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Wednesday, 30 October 1912

Senator O'KEEFE (Tasmania) . - I thoroughly indorse 'everything which hasbeen said by Senator Clemons. The position is not at all satisfactory to senatorsfrom Tasmania. While we fully recognise that the present Government have donemore than did any previous Government" in bringing down a proposal for compensation we feel that the amount proposed to be- paid is too small. After this question had been discussed in Both Houses of this Parliament for a number of years, a Royal Commission was appointed to investigate the whole of the circumstances. I know that the chief ground which led to its appointment was that there had been a big Customs leakage, lt was discovered in the course of the very voluminous evidence taken that there was a leakage; but those who read the evidence, as I have done, will find that there was a great variety of opinion respecting the actual amount. Owing to the system of Inter-State transfers, it was impossible to discover what the leakage was, but it was put down unanimously by the Commissioners at about £10,000 a year for seven years, making a total leakage of £70,000. During the course of the inquiry it was shown clearly that Tasmania's chief disadvantages under Federation were due to the fact that she was taking goods from the mainland, where they were produced or manufactured. On these goods there was no duty collected by Tasmania, because they had been made within the Commonwealth. I do not propose to refer at any length to the evidence, but I wish to call the attention of honorable senators to paragraph 15 of the report, which is unanimously signed by the Commissioners. It reads as follows -

Your Commissioners therefore recommend : -

That Parliament be asked to grant financial assistance to the State of Tasmania in terms of section 96 of the Constitution to the amount of£900,000 during the ten years ending 1920-21.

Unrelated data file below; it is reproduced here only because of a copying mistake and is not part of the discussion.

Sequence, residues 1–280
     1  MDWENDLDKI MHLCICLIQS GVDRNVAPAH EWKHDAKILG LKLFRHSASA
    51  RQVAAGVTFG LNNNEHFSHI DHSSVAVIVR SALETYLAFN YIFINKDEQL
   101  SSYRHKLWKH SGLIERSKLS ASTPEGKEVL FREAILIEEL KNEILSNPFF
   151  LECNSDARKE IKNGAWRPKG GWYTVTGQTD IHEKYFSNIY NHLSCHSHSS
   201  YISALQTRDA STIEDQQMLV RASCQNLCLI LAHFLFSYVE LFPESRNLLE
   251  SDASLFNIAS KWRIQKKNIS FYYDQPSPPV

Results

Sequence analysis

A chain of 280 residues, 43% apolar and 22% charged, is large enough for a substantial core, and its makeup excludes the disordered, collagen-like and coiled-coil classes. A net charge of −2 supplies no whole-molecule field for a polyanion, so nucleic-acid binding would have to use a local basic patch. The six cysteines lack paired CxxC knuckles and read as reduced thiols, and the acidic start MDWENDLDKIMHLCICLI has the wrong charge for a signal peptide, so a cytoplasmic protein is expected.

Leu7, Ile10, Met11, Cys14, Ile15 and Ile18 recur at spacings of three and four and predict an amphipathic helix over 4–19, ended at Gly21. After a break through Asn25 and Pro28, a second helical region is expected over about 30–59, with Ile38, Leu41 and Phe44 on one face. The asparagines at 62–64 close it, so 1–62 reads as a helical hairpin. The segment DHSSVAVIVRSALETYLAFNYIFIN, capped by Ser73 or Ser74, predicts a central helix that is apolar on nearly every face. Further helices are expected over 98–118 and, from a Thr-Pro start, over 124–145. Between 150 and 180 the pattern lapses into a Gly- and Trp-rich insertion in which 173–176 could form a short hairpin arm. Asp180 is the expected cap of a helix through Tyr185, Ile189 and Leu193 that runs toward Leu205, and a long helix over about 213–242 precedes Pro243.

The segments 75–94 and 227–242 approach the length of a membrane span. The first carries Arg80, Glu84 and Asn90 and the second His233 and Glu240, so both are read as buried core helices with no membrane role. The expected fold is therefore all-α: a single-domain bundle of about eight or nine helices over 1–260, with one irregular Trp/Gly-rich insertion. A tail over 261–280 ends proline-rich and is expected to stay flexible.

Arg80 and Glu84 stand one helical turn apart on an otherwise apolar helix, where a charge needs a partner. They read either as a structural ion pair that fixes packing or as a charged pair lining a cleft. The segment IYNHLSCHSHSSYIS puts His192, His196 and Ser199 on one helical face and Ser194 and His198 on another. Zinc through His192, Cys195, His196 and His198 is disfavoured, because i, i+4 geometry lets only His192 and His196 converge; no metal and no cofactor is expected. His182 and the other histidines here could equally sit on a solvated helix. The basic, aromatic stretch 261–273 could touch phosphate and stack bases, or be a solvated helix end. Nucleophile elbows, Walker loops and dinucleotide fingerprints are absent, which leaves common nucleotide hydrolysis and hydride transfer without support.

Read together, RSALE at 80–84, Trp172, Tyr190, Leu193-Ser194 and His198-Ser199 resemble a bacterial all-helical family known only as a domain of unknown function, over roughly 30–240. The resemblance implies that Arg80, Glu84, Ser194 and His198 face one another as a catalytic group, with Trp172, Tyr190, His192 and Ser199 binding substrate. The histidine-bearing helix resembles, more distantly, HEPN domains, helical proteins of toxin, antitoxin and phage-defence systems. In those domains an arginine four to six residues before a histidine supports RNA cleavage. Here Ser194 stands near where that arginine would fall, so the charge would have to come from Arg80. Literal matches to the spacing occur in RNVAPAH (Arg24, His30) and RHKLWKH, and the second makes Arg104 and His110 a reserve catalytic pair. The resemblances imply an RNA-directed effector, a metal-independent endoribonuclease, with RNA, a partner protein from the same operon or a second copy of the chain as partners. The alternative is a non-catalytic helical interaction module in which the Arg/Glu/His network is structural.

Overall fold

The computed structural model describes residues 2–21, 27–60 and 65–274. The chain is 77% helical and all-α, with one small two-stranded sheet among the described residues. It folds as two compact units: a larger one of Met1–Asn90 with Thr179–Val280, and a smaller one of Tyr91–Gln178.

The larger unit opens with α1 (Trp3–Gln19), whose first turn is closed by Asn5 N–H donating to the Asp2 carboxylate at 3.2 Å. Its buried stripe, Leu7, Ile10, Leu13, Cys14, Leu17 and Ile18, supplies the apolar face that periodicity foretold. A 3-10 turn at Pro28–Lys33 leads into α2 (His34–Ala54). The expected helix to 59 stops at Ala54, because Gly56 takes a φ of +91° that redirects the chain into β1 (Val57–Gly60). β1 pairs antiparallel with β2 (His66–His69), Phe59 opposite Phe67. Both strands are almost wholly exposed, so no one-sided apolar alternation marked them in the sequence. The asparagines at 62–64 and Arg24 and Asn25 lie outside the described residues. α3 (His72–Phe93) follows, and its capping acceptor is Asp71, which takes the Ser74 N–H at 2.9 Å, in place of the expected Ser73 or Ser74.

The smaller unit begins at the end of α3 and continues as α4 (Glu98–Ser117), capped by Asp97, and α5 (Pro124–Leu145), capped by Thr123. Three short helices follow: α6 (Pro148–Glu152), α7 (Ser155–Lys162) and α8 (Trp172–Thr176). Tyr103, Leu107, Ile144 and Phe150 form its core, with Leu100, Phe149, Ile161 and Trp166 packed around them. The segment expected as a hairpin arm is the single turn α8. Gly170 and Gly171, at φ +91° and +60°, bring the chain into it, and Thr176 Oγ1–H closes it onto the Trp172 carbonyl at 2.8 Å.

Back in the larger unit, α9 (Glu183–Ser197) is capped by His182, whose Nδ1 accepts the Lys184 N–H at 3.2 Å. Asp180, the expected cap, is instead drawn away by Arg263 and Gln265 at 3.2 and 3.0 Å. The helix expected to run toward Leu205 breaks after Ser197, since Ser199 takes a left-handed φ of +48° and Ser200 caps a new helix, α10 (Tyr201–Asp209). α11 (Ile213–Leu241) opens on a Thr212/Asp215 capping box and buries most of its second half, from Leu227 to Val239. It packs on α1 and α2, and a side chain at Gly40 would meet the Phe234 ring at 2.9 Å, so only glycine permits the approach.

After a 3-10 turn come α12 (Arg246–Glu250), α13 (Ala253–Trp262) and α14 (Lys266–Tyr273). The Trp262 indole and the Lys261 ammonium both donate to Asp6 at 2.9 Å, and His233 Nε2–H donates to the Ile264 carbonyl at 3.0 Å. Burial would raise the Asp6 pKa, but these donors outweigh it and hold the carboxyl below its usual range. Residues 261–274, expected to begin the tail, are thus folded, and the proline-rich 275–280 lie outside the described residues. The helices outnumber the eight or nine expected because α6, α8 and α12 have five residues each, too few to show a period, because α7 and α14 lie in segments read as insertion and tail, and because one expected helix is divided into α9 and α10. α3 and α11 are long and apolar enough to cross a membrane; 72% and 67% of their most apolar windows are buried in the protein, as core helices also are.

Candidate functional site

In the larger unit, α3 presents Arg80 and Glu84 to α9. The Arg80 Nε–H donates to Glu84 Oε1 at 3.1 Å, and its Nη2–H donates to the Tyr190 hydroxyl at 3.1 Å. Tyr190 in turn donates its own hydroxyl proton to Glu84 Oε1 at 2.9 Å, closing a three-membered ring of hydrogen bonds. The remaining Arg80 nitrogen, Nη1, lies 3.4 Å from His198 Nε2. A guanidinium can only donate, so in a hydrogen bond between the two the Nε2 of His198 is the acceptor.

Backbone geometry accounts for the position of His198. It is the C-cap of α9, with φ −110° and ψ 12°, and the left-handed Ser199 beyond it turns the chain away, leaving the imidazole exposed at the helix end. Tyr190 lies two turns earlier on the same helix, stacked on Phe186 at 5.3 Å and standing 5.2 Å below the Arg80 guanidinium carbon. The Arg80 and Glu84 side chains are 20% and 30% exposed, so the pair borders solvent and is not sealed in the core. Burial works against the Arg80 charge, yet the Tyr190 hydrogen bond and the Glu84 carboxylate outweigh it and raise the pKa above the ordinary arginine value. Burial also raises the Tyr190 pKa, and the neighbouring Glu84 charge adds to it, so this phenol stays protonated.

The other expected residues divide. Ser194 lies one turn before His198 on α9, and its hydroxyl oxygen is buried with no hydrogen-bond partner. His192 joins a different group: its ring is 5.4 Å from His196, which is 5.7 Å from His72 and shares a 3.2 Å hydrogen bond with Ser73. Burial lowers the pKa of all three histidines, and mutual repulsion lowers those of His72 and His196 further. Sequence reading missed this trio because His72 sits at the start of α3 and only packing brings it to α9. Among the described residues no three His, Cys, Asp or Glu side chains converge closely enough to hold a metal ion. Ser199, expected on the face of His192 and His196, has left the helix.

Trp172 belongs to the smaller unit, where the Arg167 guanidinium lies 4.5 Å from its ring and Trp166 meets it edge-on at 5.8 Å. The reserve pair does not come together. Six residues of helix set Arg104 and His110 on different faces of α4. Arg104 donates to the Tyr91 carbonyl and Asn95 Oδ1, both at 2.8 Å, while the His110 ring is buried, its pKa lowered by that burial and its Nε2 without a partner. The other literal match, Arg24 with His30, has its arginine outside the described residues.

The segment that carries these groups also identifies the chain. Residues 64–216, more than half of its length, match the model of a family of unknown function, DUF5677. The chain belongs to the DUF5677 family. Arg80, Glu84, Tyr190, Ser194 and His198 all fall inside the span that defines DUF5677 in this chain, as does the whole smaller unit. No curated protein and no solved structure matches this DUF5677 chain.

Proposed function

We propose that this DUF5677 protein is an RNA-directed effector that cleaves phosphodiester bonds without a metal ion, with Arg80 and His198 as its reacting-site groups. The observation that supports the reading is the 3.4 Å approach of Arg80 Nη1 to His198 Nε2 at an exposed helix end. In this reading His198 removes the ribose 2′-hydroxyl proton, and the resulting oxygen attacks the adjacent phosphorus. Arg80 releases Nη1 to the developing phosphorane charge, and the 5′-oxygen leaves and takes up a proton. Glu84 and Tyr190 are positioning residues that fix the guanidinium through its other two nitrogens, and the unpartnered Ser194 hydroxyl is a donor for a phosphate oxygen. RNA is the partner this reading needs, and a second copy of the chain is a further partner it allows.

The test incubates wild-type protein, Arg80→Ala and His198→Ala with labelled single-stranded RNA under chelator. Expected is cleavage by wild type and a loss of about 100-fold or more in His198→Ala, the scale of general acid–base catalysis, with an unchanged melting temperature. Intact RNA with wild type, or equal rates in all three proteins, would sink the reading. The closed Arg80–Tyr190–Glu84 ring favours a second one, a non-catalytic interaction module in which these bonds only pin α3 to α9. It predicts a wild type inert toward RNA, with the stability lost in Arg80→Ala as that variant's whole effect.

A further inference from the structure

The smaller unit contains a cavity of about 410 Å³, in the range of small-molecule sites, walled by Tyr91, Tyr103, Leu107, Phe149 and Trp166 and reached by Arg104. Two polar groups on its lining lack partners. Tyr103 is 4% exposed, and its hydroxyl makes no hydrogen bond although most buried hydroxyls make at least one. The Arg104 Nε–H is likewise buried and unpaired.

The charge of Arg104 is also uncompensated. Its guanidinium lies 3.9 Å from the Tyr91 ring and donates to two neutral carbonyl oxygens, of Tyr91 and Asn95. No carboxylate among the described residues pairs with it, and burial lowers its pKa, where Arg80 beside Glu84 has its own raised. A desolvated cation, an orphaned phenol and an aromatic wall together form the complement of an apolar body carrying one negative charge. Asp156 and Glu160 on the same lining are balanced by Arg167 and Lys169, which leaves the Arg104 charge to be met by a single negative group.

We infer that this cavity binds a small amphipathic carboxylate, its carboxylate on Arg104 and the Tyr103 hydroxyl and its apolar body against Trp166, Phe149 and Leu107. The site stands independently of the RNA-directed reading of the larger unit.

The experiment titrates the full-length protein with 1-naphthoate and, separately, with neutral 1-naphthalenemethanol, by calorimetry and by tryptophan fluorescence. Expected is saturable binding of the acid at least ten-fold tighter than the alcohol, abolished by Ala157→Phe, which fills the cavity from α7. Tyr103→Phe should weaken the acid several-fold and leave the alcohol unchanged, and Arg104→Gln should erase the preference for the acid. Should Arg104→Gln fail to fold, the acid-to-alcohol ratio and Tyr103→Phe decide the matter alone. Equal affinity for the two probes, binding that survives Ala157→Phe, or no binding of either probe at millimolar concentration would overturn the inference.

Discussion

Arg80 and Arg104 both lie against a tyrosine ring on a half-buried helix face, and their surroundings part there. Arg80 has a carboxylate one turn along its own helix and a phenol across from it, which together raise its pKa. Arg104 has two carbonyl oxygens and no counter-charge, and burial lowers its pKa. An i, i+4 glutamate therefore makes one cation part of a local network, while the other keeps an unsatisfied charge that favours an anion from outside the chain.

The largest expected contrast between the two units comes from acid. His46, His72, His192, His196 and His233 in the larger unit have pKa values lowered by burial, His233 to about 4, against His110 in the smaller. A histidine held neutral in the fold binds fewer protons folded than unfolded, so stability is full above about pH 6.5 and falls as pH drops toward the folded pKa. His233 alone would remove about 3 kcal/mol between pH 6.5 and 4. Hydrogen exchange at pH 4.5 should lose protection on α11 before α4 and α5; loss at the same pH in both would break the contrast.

The payment of £900,000 on a sliding scale was recommended. I now ask honorable senators to listen to paragraphii of the report -

Definite action has been taken by successive Governments to grapple with the situation. Expenditure has been cut down, developmental work retarded, and direct taxation heavily increased. From 12s.10d. per head prior to Federation, it has increased to 32s. 6d., an increase of 19s. 8d. per head, as against an average increase for all six States of 2s. 4d.

That increase ought to satisfy Senator Stewart that the Tasmanian Government have done their duty, at least, in increasing the direct taxation.

Senator Stewart - It ought not to satisfy you.

Senator O'KEEFE - The paragraph continues -

The direct taxation of 32s. 6d. per head compares with an average for all six States of 18s. 4d. The State has been compelled to increase its direct taxation by over 800 per cent. more than the average of the other States. From £111,515 in 1901 it had risen to £303,390in 1909-10. The exemption under the income tax is down to £100 for married and £80 for single men.

There is no other State in which the wageearners have to pay an income tax on such a low amount.